You Need to Be Having More Coffees

A white paper bag bearing the simple ONE65 logo stands next to a vintage cat faced cookie jar. In front are presented a collection of baked goods and pastries: A tall, firm wedge of pale quiche and a brioche roll topped with a round cross section of strawberry, each in their paper take out boxes, a large, golden, football-shaped croissant and a bundle of puff pastry known as the kouign amann, it's four corners turned in toward the center, on a small plate, and the four brightly colored macarons on another plate arranged in a diamond shape, gray, tan, orange with speckles, and pink.When Angela, a friend and former colleague, told me she’d be in the City and wanted to meet up for a coffee, the answer was a definitive “yes, please!”

When I moved to the Bay Area in 2010, job searching and career developing, a dear friend, Jonathan, told me, “You need to be having more coffees.” Years later, while working alongside Angela at the same agency, she providing employment supports, I shared this little nugget of networking wisdom and it turned out to provide a dash of whimsy to her programs, getting custom travel mugs into the hands of her program participants.

With my new bakery obsession and existing coffee curiosities, I’m always on the lookout for new venues in new neighborhoods, especially small/local businesses, so I immediately started searching bakery cafe options in the Union Square neighborhood where she was staying.

An individual sized Chocolate Imperial Cake, a tiny cake just a few bites big, with a chocolate mirror glaze and two wafer thin sticks of chocolate and a splash of edible gold garnish.Top of the list was ONE65 Patisserie & Boutique, so that’s where we met. Alex was very gracious about answering all of our questions and made sure our table service was in order. I had the Chocolate Imperial Cake, divine, and a Spanish latte with added cinnamon, she had the chocolate banana croissant and a Chai latte. The service was absolutely warm and friendly and we had a delightful time catching up at a cozy outdoor table on a beautiful San Francisco spring day, so good to connect in person again. She on vacation with her SO and I wanting to sample all the pastries, we both went back inside and started ordering items to go with reckless abandon. Asking lots of questions, of course, about what was in and on the display cases, what the bakery is known for, what are the staff favorites, and other information gathering queries and Kiona was also super warm, friendly, and attentive with her service. I wouldn’t say macarons are my favorite, though they were effectively displayed arranged in beautiful lines of popping colors that made me want to eat the rainbow. At $3.50 each, I tried not to get too out of control and decided on a coffee and a passion fruit on the recommendation of a customer in line ahead of me, and an Earl grey and rose lychee based on Angela’s selections. As I moved on from the macarons, Kiona offered me a sample macaron that I nibbled thoughtfully as we proceeded to the register. It was a delightful little chewy puff of salted caramel chocolate goodness. Quiche, of course, is totally my thing, and when the answer to what kinds did they have was “pork belly,” “Um, yes, please,” I said, “The answer to pork belly is always yes.” I had to sample a plain butter croissant, of course, it’s an important baseline, and added their kouign amann just because I’d never heard of one before and it sounded like a delicious variation on a croissant. I was really craving some kind of yeasted sweet dough pastry, like a kolache or some kind of sticky bun, though that’s apparently not really their thing, and as a final selection to scratch this itch, I opted for a strawberry guava filled brioche. The Pain aux Raisins did come highly recommended, though I wasn’t feeling it.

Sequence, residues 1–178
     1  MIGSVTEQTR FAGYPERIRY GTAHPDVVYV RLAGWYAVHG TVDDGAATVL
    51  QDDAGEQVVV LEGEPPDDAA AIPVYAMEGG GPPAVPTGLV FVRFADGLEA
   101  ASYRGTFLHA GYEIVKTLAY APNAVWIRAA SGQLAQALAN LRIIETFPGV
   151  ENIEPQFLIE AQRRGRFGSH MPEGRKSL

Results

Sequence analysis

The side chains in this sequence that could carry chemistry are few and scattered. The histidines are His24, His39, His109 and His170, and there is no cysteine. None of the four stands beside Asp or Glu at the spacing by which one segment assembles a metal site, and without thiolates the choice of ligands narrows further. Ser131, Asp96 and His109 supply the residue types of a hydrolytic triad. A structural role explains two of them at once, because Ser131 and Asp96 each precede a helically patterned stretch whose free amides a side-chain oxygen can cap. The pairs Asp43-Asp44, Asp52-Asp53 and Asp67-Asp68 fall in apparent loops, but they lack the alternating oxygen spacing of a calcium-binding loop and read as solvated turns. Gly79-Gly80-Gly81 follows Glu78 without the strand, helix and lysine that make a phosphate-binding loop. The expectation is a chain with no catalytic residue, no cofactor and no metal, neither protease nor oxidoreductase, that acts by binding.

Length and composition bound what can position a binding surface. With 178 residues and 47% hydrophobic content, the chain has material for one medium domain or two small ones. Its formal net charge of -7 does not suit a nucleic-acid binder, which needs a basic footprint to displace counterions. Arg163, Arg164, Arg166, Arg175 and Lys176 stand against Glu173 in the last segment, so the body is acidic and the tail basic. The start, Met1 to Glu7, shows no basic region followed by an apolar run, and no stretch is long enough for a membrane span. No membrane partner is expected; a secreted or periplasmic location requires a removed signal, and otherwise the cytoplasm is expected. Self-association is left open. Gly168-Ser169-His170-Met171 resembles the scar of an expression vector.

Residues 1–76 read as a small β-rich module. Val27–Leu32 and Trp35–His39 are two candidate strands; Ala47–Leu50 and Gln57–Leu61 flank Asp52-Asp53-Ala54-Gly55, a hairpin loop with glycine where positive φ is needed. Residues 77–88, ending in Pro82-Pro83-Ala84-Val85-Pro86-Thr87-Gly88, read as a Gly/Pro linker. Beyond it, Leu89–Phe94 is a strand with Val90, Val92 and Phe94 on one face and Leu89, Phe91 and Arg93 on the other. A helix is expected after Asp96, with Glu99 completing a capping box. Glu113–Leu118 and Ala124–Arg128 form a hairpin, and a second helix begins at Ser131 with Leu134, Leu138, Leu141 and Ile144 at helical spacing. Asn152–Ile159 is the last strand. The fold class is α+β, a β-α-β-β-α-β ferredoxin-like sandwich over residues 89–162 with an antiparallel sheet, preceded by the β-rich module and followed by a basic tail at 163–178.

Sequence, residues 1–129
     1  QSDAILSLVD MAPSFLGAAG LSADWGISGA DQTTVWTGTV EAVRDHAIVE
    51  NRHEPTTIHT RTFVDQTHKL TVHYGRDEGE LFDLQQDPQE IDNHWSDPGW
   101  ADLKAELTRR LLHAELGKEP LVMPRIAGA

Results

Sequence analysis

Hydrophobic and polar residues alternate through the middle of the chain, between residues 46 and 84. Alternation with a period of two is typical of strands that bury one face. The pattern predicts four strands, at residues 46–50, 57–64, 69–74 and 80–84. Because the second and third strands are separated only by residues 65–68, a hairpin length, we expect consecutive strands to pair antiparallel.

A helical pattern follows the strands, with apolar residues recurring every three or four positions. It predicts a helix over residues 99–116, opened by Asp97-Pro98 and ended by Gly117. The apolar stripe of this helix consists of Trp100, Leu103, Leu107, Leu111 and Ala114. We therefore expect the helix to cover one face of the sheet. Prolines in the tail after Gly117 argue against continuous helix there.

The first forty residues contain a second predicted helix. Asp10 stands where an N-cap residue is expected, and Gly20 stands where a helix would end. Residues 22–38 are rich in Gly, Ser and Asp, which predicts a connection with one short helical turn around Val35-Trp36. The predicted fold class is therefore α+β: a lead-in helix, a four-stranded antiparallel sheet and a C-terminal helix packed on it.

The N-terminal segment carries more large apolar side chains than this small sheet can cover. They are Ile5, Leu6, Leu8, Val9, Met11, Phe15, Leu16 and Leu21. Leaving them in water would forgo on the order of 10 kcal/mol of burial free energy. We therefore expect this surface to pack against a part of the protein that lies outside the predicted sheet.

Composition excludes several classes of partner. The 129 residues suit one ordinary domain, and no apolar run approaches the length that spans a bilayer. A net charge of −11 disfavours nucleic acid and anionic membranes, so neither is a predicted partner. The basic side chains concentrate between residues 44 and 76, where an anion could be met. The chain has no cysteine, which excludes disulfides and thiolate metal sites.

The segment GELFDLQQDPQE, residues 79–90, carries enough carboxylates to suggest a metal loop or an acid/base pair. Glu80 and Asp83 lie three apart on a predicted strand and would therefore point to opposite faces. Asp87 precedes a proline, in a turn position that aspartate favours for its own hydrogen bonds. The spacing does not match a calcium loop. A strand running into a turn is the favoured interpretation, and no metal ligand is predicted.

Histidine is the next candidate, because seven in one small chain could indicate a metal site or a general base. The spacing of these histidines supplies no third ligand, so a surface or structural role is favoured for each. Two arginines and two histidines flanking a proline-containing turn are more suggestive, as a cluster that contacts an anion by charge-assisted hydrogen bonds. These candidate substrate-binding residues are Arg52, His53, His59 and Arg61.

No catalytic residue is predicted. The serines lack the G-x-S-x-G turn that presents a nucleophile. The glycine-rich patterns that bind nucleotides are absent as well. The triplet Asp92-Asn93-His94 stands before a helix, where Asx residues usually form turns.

So this is basically what my SO and I had for dinner, starting with the quiche, and I’m over here gape-jawed trying to understand how they get that texture. It was the creamiest damn quiche I’ve ever had, with a tantalizing fatty texture like cheesecake with delicious salty chewy bits of pork belly and the thinnest, flakiest of a crust. It was food and lip gloss, as we used to say after meals on the Pacific Rim study abroad program in China. Moving along the spectrum from savory to sweet, so that it would sort of resemble an actual dinner, the croissant and the kouign amann. My head was nearly exploding at the more football shape the croissant had, rather than a bell curve, all those buttery layers somehow drawn out really long before rolling to create access at the edges to all the layers, slowly tapering and creating lots of tiny ridges to brown and crisp, rather than a few larger ones, and was appropriately tender, flaky, soft, and chewy inside with so much delicate crackle and crunch just at the surface. The kouign amann, treated with just a hint of caramelized sugar, was a nice little package of sweet puff pastry, similar to its croissant cousin and just different enough. The macarons were as delicious as they all sounded, with bright concentrated flavors that seemed to fill your whole head and leave you with no confusion about the flavor profiles, even from just one bite. Likewise the filling in the brioche, an unmistakable flavor explosion bursting with the promise of summer fruits to come.

I didn’t even take a picture of the latte and it’s pretty leaf art in the foam. It was good. I was focused on the pastries and the company. Clearly, I need to be having more coffees.

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